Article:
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Christine Silverberg, Calgary’s chief of police

The Story

In 1995, Christine Silverberg made history when she became the first woman in the country to head a major city police force. As the chief of Calgary police, this native Ontarian had her work cut out for her. She was a woman and an outsider charged with the daunting task of making the ultimate boys' club more accessible and user-friendly. But Calgary's top cop was up to the challenge. Silverberg tells the CBC's Pamela Wallin how her commitment to integrity and belief in people are what drive her after decades in the police force.

Medium: Television
Program: Pamela Wallin
Broadcast Date: June 18, 1997
Guest(s): Christine Silverberg
Host: Pamela Wallin
Duration: 3:53

Did You know?

• Christine Bertram was born in 1949 and grew up on a dairy farm just outside Brampton, Ont. She has two older brothers and a younger sister.


• In 1971, she married Ben Silverberg. They met in Toronto while she studied sociology and political science at York University's Glendon College. The couple have a son and a daughter.

• In 1972, 21-year-old Silverberg became one of the first female recruits for the Mississauga police force. Back then women officers weren't allowed to carry guns or go on uniformed patrol. Silverberg quickly learned how to deal with sexism and harassment in the macho police world.


• Silverberg left her job as deputy chief of the Hamilton-Wentworth Regional Police in Ontario — the first woman to reach that position — to become the chief of Calgary police in 1995.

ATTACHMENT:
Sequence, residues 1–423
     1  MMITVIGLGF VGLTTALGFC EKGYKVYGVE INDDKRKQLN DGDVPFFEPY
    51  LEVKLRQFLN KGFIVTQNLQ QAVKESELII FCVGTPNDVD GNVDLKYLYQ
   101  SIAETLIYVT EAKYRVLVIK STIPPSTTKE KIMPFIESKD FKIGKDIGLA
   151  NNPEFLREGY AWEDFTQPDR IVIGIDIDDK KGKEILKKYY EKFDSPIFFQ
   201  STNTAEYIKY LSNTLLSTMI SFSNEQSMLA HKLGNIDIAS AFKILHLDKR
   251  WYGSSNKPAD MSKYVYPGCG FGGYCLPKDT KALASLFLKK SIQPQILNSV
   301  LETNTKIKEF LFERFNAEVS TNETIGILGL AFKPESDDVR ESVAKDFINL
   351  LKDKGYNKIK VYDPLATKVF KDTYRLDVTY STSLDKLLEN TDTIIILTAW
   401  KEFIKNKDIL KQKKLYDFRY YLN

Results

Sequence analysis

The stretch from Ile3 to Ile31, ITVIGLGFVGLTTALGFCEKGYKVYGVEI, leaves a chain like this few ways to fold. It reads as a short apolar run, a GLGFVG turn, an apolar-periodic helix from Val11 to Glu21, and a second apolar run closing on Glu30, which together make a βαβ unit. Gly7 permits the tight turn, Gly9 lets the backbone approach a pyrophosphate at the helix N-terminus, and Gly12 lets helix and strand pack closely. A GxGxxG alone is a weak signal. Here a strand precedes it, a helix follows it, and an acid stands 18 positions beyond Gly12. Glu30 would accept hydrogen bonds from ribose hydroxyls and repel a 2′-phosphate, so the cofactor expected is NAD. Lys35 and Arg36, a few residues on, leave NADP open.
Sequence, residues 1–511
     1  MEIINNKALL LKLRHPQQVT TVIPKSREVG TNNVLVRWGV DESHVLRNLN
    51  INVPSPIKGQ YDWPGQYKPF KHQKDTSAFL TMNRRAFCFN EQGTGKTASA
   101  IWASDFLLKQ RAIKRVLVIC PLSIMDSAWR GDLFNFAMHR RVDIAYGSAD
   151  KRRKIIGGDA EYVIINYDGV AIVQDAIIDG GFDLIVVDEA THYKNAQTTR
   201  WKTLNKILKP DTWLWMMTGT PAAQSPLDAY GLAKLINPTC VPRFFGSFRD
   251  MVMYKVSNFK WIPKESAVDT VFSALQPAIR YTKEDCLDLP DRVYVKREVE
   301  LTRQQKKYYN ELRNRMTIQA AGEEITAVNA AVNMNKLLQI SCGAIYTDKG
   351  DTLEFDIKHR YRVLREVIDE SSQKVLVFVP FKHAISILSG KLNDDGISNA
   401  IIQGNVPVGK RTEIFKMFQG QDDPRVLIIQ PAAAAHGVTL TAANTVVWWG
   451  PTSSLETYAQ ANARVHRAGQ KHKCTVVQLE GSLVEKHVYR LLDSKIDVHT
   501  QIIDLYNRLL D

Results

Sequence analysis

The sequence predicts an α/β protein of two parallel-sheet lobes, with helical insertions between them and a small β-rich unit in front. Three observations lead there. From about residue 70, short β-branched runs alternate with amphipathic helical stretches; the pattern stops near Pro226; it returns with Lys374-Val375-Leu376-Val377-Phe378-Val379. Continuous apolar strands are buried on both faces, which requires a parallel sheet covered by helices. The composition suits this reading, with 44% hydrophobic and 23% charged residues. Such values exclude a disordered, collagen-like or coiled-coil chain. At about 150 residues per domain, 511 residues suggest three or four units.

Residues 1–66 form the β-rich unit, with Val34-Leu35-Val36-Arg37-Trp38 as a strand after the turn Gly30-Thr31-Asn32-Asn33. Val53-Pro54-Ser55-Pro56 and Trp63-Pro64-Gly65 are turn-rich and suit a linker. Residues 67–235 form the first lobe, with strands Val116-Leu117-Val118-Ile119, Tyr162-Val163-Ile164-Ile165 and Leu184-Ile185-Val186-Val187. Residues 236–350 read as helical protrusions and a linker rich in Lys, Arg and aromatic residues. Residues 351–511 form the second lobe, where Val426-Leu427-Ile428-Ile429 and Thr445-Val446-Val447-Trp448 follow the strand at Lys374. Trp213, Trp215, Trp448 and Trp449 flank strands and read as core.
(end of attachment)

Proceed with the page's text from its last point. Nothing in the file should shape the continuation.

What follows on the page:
• In Calgary, Silverberg had to deal with obscenities scrawled on the sidewalk outside police headquarters. She also received threats, including a letter bomb, which was disabled before it could explode.

• Silverberg also found herself in the middle of a political war between the Calgary Police Commission and the city council over her contract. Silverberg had negotiated a salary of $125,000 per year with the police commission but in a rare move the city council objected and said it was too high. An outside arbitrator eventually settled in Silverberg's favour.

• In 2000, after completing her five year tenure as chief of the Calgary police, she retired from policing altogether. Silverberg left the Calgary police service with 1,845 employees, 229 more than when she took office; a $152-million gross expenditure budget, $37 million more than in 1995; and an innovative approach to community policing, including the creation of the family, youth and violent-crime section. (Globe and Mail, October 2000)

• After her retirement from the police force, Silverberg pursued a career in law, graduating from the University of Calgary School of Law in 2004.




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